Boehner to rework his debt-ceiling bill

Speaker John Boehner (R-Ohio) will rework his two-step plan to raise the debt ceiling after the Congressional Budget Office (CBO) found the bill would not cut as much spending as promised. 

“We’re here to change Washington — no more smoke-and-mirrors, no more ‘phantom cuts.’ We promised that we will cut spending more than we increase the debt limit — with no tax hikes — and we will keep that promise," Boehner spokesman Michael Steel said.

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The CBO informed Boehner on Tuesday that his debt-ceiling fallback plan would reduce the deficit by about $850 billion over 10 years.

House GOP rank-and-file members had been waiting eagerly for the score, as they were worried the bill would not measure up to claims made by House leadership.

Leadership on Monday said the bill would reduce discretionary spending by $1.2 trillion over 10 years in return for a $900 billion increase in the debt limit. 

Boehner this spring said Congress would only raise the debt ceiling if spending cuts exceed the amount by which the debt ceiling is raised.

“As we speak, congressional staff are looking at options to rewrite the legislation to meet our pledge,"Steel said. “This is what can happen when you have an actual plan and submit it for independent review — which the Democrats who run Washington have refused to do."

White House Budget Director Jack Lew weighed in on the CBO score in a Tuesday night blog post and highlighted the fact that under the January baseline it can be said to cut the deficit by $1.1 trillion. He noted that the House-passed budget and Obama April budget speech all used the January baseline as the measurement of deficit cutting.


"Indeed, throughout our weeks of talks, all parties have worked off a January baseline because we all recognized that we needed to start from the same place," he wrote. "That is why it would be confusing to judge the current proposal’s savings from the 'adjusted March 2011 baseline' which CBO released in May."

Lew's move may be in anticipation of the score the Reid plan is to receive from the CBO. That plan claims to cut $2.7 trillion while authorizing a debt ceiling increase through 2012.

"Don’t get me wrong: there is a lot in Speaker Boehner’s plan that we do not like and actively oppose. But, as this debate continues and intensifies in the coming days, it’s important that we compare apples to apples, and make sure that we are all understanding the facts," he wrote.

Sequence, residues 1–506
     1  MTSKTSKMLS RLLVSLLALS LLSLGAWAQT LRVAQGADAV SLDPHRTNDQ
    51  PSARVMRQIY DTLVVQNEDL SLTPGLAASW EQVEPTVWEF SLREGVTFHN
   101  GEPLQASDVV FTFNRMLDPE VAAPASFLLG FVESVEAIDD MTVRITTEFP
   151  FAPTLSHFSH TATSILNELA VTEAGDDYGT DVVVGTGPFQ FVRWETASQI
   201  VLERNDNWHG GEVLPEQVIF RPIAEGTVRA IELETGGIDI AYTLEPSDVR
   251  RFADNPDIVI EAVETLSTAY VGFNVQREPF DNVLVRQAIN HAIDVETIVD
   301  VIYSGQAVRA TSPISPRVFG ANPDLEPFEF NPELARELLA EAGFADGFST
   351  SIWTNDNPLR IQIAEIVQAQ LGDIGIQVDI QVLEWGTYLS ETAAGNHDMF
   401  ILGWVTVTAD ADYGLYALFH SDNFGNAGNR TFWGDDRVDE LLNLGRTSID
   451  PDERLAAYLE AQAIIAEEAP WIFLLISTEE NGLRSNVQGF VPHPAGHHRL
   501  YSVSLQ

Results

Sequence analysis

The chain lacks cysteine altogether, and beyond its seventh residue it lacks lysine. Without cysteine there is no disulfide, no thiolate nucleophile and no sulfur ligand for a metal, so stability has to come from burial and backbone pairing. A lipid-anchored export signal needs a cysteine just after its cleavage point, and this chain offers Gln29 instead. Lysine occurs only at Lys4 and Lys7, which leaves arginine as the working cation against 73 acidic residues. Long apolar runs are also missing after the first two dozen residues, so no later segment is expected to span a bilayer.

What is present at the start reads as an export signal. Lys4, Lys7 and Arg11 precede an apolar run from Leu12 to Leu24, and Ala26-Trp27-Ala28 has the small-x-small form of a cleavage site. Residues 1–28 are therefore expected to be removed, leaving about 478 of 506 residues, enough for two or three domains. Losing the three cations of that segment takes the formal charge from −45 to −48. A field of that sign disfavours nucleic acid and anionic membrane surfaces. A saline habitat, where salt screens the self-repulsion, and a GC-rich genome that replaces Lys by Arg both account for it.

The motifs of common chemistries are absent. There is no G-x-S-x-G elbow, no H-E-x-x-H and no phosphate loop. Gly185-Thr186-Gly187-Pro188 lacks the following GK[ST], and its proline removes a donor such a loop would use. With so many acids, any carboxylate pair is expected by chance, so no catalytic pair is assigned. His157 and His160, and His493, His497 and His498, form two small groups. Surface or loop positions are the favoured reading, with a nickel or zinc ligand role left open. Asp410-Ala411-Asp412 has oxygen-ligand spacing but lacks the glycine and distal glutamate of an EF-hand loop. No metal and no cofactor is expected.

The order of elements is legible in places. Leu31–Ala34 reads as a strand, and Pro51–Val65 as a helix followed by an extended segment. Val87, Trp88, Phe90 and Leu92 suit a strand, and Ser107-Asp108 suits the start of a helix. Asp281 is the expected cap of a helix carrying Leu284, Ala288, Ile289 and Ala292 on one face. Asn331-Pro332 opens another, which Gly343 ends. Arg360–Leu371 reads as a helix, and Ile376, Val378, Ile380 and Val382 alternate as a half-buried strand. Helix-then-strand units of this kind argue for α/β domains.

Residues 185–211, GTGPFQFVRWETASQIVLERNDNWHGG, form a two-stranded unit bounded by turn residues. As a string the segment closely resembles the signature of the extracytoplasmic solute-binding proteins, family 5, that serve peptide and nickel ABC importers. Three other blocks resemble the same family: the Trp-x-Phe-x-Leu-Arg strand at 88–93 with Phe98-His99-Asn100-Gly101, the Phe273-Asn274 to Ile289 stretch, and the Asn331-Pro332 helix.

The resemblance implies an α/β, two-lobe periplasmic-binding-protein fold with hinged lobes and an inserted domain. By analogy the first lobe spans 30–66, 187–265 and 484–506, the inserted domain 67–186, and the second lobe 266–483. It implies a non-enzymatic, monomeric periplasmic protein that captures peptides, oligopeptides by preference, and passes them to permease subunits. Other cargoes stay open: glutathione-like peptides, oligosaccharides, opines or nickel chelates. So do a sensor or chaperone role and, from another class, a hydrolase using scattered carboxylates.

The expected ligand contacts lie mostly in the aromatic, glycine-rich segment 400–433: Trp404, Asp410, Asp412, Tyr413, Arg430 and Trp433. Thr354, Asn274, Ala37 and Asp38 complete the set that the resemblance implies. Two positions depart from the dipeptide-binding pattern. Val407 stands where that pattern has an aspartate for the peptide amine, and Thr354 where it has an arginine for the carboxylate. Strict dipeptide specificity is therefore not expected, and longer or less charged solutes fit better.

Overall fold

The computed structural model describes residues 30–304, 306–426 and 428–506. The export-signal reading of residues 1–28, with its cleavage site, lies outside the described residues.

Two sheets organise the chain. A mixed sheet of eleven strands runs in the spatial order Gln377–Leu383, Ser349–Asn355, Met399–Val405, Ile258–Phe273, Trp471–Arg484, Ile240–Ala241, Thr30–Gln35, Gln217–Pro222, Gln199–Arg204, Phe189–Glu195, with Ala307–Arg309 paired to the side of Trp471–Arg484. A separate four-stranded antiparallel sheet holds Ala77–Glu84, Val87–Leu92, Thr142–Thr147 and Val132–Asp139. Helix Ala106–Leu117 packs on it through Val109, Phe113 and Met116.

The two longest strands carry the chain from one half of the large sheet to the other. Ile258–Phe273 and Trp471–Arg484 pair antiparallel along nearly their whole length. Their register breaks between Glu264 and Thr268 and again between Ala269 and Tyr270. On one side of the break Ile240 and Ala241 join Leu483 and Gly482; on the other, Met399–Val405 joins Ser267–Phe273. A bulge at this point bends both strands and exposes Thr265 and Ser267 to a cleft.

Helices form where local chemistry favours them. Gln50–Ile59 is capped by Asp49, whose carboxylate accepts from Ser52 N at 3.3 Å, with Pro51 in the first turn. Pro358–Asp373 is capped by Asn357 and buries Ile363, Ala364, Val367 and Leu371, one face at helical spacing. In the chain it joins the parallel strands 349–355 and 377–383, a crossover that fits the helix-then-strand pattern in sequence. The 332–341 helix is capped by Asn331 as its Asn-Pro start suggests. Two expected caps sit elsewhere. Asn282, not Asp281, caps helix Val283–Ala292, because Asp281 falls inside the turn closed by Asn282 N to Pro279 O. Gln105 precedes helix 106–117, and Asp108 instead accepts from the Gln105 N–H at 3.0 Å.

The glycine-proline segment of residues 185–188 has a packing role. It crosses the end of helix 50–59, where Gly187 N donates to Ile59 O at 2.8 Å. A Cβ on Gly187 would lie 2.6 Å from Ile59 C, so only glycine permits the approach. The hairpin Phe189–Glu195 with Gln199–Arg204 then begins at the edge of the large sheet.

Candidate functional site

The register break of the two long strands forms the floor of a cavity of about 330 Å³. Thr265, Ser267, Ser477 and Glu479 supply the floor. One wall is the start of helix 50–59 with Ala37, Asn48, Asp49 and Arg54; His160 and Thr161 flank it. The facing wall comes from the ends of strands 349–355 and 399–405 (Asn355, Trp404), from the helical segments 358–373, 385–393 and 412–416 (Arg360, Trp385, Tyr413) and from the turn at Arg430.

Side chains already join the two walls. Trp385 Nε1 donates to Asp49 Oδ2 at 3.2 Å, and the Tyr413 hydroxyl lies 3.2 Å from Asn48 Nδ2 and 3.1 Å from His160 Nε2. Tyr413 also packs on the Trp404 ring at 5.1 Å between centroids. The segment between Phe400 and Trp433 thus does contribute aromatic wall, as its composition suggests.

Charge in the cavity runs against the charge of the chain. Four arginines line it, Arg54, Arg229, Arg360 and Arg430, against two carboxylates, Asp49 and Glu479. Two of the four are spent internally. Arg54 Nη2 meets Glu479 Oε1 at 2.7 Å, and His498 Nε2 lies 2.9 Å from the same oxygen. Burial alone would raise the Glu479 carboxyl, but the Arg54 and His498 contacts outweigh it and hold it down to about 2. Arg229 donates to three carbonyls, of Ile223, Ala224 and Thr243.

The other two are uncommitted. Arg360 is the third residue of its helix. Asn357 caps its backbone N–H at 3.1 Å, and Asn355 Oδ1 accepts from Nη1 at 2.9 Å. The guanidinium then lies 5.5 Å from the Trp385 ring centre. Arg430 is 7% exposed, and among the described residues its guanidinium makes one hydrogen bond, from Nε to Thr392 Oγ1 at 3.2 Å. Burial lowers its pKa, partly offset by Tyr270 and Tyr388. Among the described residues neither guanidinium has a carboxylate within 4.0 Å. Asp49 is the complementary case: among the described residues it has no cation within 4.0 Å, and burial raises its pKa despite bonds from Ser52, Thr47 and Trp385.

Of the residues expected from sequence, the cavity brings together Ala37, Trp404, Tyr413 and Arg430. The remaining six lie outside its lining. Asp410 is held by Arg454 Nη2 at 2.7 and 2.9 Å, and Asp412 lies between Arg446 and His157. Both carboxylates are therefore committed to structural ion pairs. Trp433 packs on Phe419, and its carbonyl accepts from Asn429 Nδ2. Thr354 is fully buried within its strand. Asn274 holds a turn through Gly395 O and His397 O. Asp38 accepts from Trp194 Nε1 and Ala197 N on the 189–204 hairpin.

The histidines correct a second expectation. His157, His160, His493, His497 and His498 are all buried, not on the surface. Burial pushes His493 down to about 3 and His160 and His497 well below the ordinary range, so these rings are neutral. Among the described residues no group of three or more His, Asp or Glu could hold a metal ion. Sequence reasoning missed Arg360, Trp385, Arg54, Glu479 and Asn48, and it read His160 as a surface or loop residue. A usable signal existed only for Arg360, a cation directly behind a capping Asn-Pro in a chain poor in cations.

The CBO revealed the score in a Tuesday letter to the Speaker. 

The score is against the latest CBO baseline, as adjusted to reflect the 2011 spending-cuts deal between Congress and the White House that cut $38 billion in budget authority. Those 2011 cuts have ripple effects over the budget window.

The CBO also has determined that taking that earlier deal into account, the spending levels in the Boehner plan mean a $1.1 trillion cut in the deficit over 10 years. 

Most of the effects of the Boehner plan come from caps it imposes on discretionary spending. Next year the cap is $1.043 trillion, a $6 billion drop from current budget authority levels.

For 2012, CBO said the Boehner plan would reduce the deficit by just $1 billion. Discretionary spending is actually cut by $4 billion, but mandatory spending due to increased Pell Grant funds is increased by $3 billion.

Actual federal spending outlays in the 10-year period would be reduced by $710 billion relative to that March baseline, CBO said, if the discretionary spending caps in the Boehner plan are instituted. 

Overall, savings in discretionary spending are cut $695 billion, mandatory spending is cut by $20 billion and the savings in interest equals $135 billion.

CBO also looked at other more minor provisions in the Boehner bill. One would provide extra funding for Pell Grants to students — and this costs $17 billion — while another would limit other student loans and save more than $30 billion. 

The Boehner plan is a two-step process whereby the debt ceiling would be raised before Aug. 2 and then again next year. 

The CBO score reflects part one of the process, which grants President Obama the right to request a $900 billion increase in the debt ceiling, slightly more than the amount CBO said the Boehner plan cuts from combined deficits compared to the March baseline.

CBO does not assign a score to the second phase of the Boehner proposal, which would require a joint committee to come up with a plan to cut $1.8 trillion from the deficit by Nov. 23.

This post was updated at 6:55 p.m.